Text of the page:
When I started Solpak, I was green in the food service industry. The product line we distributed had a proven track record elsewhere in the world but that did not make a difference when we introduced it in our area. Our first few months were a disaster on the sales side. Nobody understood our story.
We would talk to prospects and confusion would start immediately. Were we packaging food? Selling it? Transporting it? Someone even thought we were a competitor trying to get in on their business. They did not “get” how we could help them so the conversations ended quickly. Our sales were flat lined. What was going on?
Our small business did not have any clear storyline. We needed something that would communicate simply and effectively how Solpak fit into our client’s world. We decided to storify our business properly. Soon after, sales started gaining momentum and the rest was history.
Your small business needs (and quite frankly, deserves) to be storified and here are the 3 main elements to achieve that:
1. Create a story
People have short attention spans and are bombarded by thousands of messages daily. The first step in storifying your business is to tell them who you are, who you serve and what you do for them. Be as clear and concise as possible. Prospects can then assess if you fit into their world after just one sentence.
In Solpak’s case, we needed to be crystal clear. Solpak, a meal-packaging and transport solutions company, helped caterers and institutional food services. We distributed meal trays, tray sealing equipment as well as meal transport solutions such as thermo bags.
2. Define your promise
The next step in storifying your business is all about your uniqueness. What is your business promise? You need to affirm how you will be serving differently, why you are doing it and what your driving keywords will be. A promise your business can deliver on. What’s so different about your business when thinking of your industry? What’s part of your DNA that explains why you are doing what you are doing? Finally, what behind the scenes keywords will drive that promise (and your team)?
Our promise? Offering a compostable tray line that was unique on the market. Also, we did not require any minimum on orders and we shipped overnight anywhere in the country for free. We wanted to create a type of service that was fast, simple and reliable. Something unique since the industry is known for back orders and fill rate issues. We wanted a company where team members were happy to come to work. Our keywords? Fast, Simple, Reliable, Friendly and Competent.
3. Design your branding
Although having a brand is an obvious necessity, what still eludes many organizations is the importance of matching the branding choices to the story. Your branding includes choosing a name and tagline, defining your look and feel (including logos and colors) and finally adapting your branding tools. Your business name should reflect your story and your tagline should embody your story in 3 to 7 words. Your logo, thematic colors and fonts should emotionally trigger the right feel in your target market prospects. Your branding should be EVERYWHERE on your branding tools, such as your marketing pieces, email signature, clothing, etc.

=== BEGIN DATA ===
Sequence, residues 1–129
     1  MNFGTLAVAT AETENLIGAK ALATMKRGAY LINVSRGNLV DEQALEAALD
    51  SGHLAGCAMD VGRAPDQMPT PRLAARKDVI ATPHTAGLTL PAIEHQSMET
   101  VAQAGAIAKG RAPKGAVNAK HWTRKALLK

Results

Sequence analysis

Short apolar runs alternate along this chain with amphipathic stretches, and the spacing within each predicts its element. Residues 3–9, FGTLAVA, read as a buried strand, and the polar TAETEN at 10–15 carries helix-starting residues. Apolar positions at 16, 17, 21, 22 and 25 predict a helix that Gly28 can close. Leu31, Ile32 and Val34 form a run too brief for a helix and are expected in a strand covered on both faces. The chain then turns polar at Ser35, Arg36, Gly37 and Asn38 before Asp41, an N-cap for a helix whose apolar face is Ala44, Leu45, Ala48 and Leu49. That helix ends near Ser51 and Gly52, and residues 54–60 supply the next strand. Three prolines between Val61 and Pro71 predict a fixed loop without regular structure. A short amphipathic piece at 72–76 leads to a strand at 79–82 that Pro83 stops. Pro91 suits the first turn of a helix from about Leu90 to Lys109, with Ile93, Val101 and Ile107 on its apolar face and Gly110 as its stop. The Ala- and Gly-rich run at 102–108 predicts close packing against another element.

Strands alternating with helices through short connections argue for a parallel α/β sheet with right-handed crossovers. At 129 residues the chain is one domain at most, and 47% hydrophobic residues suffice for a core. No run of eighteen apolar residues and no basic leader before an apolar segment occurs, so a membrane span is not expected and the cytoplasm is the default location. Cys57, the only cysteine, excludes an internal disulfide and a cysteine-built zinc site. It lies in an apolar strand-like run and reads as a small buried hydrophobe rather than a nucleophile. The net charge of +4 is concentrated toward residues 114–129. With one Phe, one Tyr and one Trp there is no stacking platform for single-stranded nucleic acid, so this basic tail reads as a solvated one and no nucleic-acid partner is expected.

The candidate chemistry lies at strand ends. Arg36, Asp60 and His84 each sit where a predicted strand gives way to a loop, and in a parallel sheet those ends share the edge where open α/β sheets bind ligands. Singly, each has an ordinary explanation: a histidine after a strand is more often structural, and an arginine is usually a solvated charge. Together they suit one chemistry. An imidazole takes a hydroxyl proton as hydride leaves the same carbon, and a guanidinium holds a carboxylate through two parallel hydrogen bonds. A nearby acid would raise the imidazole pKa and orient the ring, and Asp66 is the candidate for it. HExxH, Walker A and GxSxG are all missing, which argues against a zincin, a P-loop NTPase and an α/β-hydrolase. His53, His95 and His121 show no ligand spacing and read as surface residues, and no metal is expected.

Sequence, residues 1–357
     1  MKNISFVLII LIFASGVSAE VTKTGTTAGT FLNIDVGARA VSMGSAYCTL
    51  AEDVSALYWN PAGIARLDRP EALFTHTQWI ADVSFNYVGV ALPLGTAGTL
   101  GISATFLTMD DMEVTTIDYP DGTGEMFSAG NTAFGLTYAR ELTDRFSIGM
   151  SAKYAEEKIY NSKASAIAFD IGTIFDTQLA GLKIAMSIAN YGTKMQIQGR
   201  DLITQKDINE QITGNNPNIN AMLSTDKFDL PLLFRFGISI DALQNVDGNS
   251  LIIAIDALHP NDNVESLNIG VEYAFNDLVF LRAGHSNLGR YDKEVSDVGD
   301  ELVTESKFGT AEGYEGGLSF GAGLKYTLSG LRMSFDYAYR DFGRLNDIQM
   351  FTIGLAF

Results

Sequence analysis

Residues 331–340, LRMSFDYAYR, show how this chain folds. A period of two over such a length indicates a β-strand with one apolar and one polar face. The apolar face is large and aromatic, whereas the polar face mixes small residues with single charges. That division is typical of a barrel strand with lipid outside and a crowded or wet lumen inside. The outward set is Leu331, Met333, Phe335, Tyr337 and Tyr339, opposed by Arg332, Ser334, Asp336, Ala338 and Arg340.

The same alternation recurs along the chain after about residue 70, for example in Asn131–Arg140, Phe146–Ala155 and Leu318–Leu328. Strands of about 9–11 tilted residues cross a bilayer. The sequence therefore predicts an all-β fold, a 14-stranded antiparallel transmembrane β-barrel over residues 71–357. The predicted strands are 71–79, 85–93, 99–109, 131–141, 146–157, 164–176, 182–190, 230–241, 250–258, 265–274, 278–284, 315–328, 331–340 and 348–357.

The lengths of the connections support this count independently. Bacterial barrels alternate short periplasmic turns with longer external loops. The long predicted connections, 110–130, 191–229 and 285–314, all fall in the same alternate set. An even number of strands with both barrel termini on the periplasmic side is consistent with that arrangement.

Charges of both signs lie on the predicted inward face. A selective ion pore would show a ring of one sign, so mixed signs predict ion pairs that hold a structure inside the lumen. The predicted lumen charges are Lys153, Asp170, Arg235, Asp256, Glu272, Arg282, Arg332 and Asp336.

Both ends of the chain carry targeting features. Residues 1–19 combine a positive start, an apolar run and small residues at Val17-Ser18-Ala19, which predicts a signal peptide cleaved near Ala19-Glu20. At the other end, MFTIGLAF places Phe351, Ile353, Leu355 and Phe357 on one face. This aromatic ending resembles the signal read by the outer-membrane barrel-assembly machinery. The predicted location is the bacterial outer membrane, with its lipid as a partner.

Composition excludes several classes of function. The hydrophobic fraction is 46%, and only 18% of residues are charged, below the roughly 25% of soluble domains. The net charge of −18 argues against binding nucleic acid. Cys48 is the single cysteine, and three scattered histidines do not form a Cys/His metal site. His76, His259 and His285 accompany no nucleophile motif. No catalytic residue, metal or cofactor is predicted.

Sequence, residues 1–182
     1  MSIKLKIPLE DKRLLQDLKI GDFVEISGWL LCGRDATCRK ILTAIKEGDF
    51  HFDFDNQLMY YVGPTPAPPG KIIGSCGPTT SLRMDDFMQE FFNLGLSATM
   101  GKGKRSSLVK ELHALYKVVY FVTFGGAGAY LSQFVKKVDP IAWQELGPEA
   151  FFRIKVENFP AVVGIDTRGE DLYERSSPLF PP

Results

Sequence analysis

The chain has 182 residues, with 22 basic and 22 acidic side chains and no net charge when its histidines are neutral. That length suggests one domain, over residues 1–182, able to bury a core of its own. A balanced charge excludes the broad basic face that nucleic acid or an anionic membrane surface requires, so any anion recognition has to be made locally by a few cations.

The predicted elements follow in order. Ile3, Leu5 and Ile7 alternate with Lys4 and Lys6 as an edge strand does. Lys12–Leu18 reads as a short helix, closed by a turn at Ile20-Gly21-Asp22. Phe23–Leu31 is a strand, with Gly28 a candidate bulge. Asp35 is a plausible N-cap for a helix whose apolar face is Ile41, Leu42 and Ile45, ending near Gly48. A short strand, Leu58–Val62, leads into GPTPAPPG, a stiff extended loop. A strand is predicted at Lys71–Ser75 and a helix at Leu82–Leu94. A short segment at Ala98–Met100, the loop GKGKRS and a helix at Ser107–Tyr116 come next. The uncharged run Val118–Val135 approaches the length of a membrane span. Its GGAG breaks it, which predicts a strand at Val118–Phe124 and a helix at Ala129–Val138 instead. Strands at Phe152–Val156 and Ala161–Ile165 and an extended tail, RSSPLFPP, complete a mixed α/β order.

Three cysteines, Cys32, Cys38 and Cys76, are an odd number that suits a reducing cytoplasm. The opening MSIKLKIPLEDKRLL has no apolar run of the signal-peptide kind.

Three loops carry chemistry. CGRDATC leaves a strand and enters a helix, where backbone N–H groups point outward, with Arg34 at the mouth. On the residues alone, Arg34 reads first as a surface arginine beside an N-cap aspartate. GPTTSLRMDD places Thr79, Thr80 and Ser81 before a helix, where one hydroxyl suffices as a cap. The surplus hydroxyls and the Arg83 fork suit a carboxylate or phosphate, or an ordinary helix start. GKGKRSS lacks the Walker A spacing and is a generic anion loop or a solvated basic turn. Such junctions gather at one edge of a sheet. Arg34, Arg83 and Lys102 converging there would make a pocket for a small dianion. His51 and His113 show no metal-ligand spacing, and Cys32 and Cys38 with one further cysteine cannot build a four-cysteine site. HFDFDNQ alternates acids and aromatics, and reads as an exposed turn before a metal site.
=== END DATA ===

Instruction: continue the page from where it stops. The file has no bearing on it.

In the storifying process, Solpak went through a transformation at the time. The name stayed the same, but the tagline “Your meal-packaging partner” was created. A clear reference to our calling but also to our promise: A partner is friendly, competent and reliable. Our look was refreshed with green, for its eco friendliness and dark grey for its efficiency. That logo and tagline was put out everywhere possible, from email signatures to complimentary pens.
Once we had created and reviewed the storification of our business, a new energy could be felt. The team had a certain pride in our new logo and evocative tagline. We were our client’s partners. We were fast and reliable. Our intentional friendliness made our workplace experience pleasant as team members. Our logo was on our shirts, our cars, even on a candy tray we gave as a gift.
A year later, on our first annual satisfaction survey, something special happened: In an open-ended question, we saw repeated occurrences of our keywords as feedback from clients.
Imagine our surprise when we realized that this storification worked so well that clients even noticed the subtle behind-the-scenes keywords that were driving our business. Imagine our surprise when we realized that this storification worked so well that clients even noticed the subtle behind-the-scenes keywords that were driving our business.
So, what is your business story?